Second bilateral lung transplant gives an international patient a new lease on life

‘Thanks to God, I have a life to live now,’ says Osama Alharbi, of Saudi Arabia.

It’s been said that your first transplant is a blessing, a second is a miracle.

Such was the case for Osama Alharbi, who came to UCLA Health from Saudi Arabia for a re-do bilateral lung transplant in 2020.

Alharbi’s journey began several years ago when he was diagnosed with pulmonary arterial hypertension, a type of high blood pressure in which the arteries in the lung become narrowed, blocking the flow of blood through the lungs to the heart and causing the heart to work harder to pump blood to the rest of the body.

“I was playing soccer when, all of the sudden, I lost consciousness,” Alharbi, 30, recounts. “I fell on the ground and was taken to the hospital.”

UCLA Health lung transplant physician Dr. Allison Ramsey with bilateral lung transplant patient Osama Alharbi (Milo Mitchell for UCLA Health)

Medications can slow the progression of the disease, but Alharbi’s case was severe. His physician recommended he go to America for a bilateral lung transplant. He did, and the transplant was a success; however, several years after receiving the transplant, Alharbi’s organ began to fail due to chronic, or long-term, rejection.

He returned to the U.S. but was denied a second transplant by the original hospital.

Enter UCLA Health and its Lung Transplant program, which has performed more than 1,000 successful lung transplants since 1988, making it the second busiest lung transplant center in the country. In 2020, UCLA performed 121 lung transplants — greater than in any previous years at UCLA.

After he was evaluated by the transplant team, Alharbi was deemed a candidate and was placed on the transplant waitlist.  

“One of the reasons Mr. Alharbi came to UCLA, specifically, is that our team will evaluate patients who will need a second lung transplant,” says Allison Ramsey, MD, a lung transplant physician at UCLA Health. “In general, these are more complex surgeries and require very skilled surgeons to do this. Our team, fortunately, is able to do that.”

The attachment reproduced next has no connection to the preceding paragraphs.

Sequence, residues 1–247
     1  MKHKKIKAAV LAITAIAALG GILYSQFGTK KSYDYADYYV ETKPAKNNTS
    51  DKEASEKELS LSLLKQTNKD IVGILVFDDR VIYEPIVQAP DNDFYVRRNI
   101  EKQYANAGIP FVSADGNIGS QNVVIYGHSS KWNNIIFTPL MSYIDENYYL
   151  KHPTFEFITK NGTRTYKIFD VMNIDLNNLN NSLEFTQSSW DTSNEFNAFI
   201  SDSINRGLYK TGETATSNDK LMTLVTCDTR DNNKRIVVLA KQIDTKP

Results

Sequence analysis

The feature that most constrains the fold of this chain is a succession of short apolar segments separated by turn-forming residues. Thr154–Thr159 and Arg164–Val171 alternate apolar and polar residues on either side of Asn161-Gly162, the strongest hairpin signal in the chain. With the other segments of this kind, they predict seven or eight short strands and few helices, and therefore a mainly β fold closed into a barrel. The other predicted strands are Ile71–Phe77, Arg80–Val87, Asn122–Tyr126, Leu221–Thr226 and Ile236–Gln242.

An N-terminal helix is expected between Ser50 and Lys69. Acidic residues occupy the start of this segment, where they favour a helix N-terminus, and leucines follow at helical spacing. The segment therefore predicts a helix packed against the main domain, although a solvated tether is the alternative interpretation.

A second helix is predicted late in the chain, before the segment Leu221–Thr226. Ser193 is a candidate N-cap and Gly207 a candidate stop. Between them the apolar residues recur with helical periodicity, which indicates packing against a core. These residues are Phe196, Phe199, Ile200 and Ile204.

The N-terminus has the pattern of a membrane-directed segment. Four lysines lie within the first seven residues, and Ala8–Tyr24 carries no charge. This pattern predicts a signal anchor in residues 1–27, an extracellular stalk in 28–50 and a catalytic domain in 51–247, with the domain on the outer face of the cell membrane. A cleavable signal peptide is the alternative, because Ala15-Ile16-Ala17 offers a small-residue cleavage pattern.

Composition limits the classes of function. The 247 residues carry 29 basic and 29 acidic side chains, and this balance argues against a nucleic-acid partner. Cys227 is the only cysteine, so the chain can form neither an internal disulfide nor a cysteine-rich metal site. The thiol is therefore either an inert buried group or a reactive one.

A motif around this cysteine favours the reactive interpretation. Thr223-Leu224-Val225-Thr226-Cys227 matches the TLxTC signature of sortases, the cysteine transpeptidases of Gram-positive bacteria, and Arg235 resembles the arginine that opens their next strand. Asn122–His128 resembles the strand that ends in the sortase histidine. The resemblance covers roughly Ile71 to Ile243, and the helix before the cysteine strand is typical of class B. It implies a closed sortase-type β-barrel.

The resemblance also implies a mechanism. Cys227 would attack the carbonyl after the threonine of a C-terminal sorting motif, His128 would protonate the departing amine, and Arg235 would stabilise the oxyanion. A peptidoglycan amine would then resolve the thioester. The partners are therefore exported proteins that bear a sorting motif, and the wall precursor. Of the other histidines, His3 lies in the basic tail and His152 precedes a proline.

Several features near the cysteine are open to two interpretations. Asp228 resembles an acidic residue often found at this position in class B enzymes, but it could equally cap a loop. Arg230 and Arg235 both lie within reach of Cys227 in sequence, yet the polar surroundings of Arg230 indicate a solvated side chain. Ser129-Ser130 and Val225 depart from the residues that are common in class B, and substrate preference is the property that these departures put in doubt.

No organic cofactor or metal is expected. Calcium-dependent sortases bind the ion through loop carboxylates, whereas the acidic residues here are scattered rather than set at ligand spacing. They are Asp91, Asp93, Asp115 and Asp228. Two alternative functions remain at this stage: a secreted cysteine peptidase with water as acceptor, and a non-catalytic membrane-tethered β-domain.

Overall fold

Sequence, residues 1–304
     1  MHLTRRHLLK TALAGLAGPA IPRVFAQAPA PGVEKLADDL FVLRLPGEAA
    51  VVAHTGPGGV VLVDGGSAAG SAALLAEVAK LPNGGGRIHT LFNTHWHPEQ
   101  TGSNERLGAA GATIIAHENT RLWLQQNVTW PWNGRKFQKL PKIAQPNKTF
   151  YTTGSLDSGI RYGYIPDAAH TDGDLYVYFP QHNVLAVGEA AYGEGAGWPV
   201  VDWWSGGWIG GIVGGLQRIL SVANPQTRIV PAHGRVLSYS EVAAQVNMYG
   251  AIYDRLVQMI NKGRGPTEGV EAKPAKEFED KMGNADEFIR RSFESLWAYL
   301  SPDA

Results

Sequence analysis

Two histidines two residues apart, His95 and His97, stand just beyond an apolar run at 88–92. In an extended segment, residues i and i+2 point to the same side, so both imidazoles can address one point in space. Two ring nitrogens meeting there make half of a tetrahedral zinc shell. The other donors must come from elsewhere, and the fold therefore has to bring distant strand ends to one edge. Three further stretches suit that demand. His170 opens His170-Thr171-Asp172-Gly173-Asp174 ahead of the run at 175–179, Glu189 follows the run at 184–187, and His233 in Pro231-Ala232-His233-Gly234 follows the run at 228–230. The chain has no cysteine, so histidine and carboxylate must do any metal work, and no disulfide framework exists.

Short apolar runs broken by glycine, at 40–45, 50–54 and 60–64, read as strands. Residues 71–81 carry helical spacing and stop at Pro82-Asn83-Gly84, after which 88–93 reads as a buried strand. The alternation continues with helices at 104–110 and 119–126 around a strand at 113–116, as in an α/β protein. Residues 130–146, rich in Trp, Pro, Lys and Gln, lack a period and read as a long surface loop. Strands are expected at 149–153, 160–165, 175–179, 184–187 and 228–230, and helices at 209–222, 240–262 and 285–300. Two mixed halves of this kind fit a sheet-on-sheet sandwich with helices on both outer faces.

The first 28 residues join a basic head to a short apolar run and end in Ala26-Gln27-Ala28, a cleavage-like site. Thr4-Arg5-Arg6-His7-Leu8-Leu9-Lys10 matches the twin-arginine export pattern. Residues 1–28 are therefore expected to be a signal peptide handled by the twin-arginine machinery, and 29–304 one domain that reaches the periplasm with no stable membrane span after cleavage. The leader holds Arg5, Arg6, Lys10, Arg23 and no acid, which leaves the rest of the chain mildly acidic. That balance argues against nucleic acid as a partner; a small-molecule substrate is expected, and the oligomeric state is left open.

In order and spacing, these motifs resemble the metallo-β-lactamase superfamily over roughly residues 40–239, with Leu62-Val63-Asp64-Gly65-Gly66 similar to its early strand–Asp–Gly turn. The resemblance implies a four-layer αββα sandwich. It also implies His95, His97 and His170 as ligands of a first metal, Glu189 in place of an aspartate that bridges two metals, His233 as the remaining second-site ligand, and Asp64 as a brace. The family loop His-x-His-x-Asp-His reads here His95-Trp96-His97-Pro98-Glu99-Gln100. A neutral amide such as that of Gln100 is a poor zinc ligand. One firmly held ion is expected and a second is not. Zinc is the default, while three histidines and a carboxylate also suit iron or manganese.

During their initial meeting, the first thing Dr. Ramsey noticed about Alharbi was his smile and his bubbling personality, she says.

“He really opened up to me during our first visit and told me about how his journey had been in terms of his breathlessness and his symptoms, and how he came to be at UCLA to undergo another lung transplant. I noticed he was very trusting and really wanted to hear my input about his lung disease and what we could do to help him.”

UCLA Health lung transplant physician Dr. Allison Ramsey with bilateral lung transplant patient Osama Alharbi (Milo Mitchell for UCLA Health)

UCLA Health’s International Services stepped in to provide an Arabic-speaking navigator to help bridge the communication gap and provide a familiar face for Alharbi during his stay in Los Angeles.

“UCLA Health sees patients from all around the world, and it’s really great to know that we have services to help them navigate through a very stressful time,” Dr. Ramsey says. “In a lot of these cases, they’re dealing with a very serious medical condition, so the importance of having someone (in this role) is really paramount to the success of me as a treating physician and UCLA as a whole.”

Alharbi immediately bonded with his International Services navigator, Dr. Ramsey notes. “I definitely know they were involved in his care and were always available. You could very much tell they were invested in his doing well,” she says.

Alharbi received his second bilateral lung transplant on Aug 25, 2020. He was discharged from UCLA Ronald Reagan Medical Center within a week and remained under the care of his physicians for more than a year — a year he spent enjoying L.A. with his young daughter.

“My daughter is everything to me,” Alharbi says. “We love to explore places together. We travel a lot around Los Angeles. We live life — a life that’s sweet and carefree.”

UCLA Health lung transplant physician Dr. Allison Ramsey with bilateral lung transplant patient Osama Alharbi (Milo Mitchell for UCLA Health)

Dr. Ramsey credits the entire UCLA team for the success of Alharbi’s transplant. “There are so many people in the background, including his international services navigator, that helped him along in this process.”

She also gives Alharbi his due: “He took a lot of responsibility for his health, as well, and really dove into his care himself. I think all those things created a very successful path for him.”

It was heartening to see him go from that first visit “to now having his best lung function yet,” Dr. Ramsey says.

“It brought me such joy to see him through this journey and to see him return to some sense of normalcy; to be able to celebrate his daughter’s birthday without limitations and get back to what he wanted to do, which was to live a meaningful life,” she says.

Alharbi says he recommends UCLA Health for anyone who needs a transplant. “My experience was good, from the cleaning staff, from the food, from the management, from everything,” he says.

Alharbi recently returned to Saudi Arabia, where he is looking forward to spending time with his family and resuming his passion: playing soccer.

“Thanks to God, I have a life to live now. God willing, I will get stronger and stronger and stronger,” he says, with a smile.

Learn more about the Lung Transplant program and International Services at UCLA Health.

Jennifer Karmarkar is the author of this article.


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